5.11 Due: Essay Exam 3
Important Due Dates (Note: No late work is accepted. All assignments are due by 12 in the afternoon of the date specified below.)
2.1 Early Greek History Test (click here). To be done on an 882E-scantron. Test is based on the document Early Greek History; 2000 BC – 300 BC which is in the 26 course pack. Put your name on the scantron and place the completed scantron in the locked drop box outside my office, Mendocino 3024. Due by 12 pm in the afternoon.
2.24 First Essay Exam by 12 pm in the afternoon.
4.13 Second Essay Exam by 12 pm in the afternoon.
5.11 Third Essay Exam by 12 pm in the afternoon.
3 Essay Exams (the average of which equals) 85%
Historical Knowledge Test 15%
1. Each essay exam consists of two parts: an essay (roughly 3-4 pages) and 15 multiple choice questions. Both parts of each exam are to be completed at home and then handed in. Absolutely no email submissions. No exceptions.
2. Write your name on the first page of the essay. No cover sheets, please. Write your name on the 882E scantron. Either place both parts of your exam in the drop box outside of my office (Mendocino 3024) or slide it under the door of my office or hand it to the Philosophy Department secretary in Mendocino 3000. NO late exams will be accepted. NO email submissions. Use only an 882E scantron. NO EXCEPTIONS in any of these three cases.
3. All essays must be typed or word-processed.
4. Each of the three essays MUST follow the stylistic format that is specified on the essay “prompt” that states the essay question for the exam. If you fail to follow the format for essay, you lose 15 points at the outset. Please also note the essay question is a single question with multiple parts each of which you must explicitly answer, basing your answers exclusively on the lectures in conjunction with the reading. In other words, the questions are not to be answered primarily through your own reflection on the question and your own interpretation of the readings or on what you may have learned in previous classes. Also, your essay must display a solid grasp of standard English.
5. With respect to class participation, it is expected that this course will be offered as a Distance Education course. So students are not required to attend class sessions. For this reason no portion of the grade is assigned to class participation.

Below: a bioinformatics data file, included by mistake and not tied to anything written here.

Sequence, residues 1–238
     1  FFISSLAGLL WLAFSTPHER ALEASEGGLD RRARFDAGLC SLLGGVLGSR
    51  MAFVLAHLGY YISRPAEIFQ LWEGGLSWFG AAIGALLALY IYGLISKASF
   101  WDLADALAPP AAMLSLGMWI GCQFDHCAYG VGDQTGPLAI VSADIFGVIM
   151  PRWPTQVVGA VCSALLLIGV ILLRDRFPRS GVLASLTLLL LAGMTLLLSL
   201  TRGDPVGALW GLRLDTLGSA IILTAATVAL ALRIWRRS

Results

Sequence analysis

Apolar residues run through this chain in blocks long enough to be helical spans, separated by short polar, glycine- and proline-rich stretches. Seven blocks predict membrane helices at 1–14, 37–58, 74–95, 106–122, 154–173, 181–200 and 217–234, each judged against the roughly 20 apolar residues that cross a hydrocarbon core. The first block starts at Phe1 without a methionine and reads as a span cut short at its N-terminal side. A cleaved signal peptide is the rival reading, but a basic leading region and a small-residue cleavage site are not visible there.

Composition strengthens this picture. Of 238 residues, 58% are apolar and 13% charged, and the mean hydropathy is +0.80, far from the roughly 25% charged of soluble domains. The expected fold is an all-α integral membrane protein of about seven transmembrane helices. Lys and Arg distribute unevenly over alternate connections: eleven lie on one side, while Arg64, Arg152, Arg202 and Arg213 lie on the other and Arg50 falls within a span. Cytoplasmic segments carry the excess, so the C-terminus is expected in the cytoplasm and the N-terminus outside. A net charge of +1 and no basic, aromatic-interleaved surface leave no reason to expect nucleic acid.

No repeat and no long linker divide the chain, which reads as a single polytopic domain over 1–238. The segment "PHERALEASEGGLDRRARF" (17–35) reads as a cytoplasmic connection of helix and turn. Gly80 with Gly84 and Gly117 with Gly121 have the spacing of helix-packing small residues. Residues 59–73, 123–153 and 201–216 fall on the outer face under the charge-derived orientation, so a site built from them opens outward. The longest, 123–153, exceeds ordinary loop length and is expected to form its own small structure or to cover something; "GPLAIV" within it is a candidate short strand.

6. The marking scale upon which letter grades are assigned is as follows:
A 93-100 (14) C 70-74 (8)
A- 89-92 (13) C- 65-69 (7)
B+ 85-88 (12) D+ 60-64 (6)
B 80-84 (11) D 55-59 (5)
B- 78-79 (10) D- 50-54 (4)
C+ 75-77 (9) F below 50% (3)
Students with Disabilities or Other Special Needs
If you have a disability and require accommodations, you need to provide disability documentation to SSWD, Lassen Hall 1008, and (916) 278-6955. Please discuss your accommodation needs with me early in the semester.
You must not copy another person’s work, use unacknowledged sources. Even if you form a study group to share ideas, the work that you turn in must be your own work. That is, your work must be written in your own words, not in phrasing agreed upon by and common to members of your study group. All incidents of cheating in any form will earn you a 0 on the assignment or an F in the course. See the policy on academic honesty: http://www.csus.edu/umanual/student/STU-0100.htm.
This course meets the GE area C1 requirements by (1) situating philosophy as a discipline within the context of the Humanities, (2) surveying the role of African- Semitic-European peoples in the development of the earliest culture of ancient Greece, (3) by comparing and analyzing the difference between the ancient Greek and the Christian conception of a human being with special attention to the effect of this difference on the respective culture’s attitude towards homosexuality and by (4) drawing on the development of science to help explain some of the animating ideas and values of early modern philosophy. http://www.csus.edu/acaf/ge/Area%20D%20Learning%20Outcomes.pdf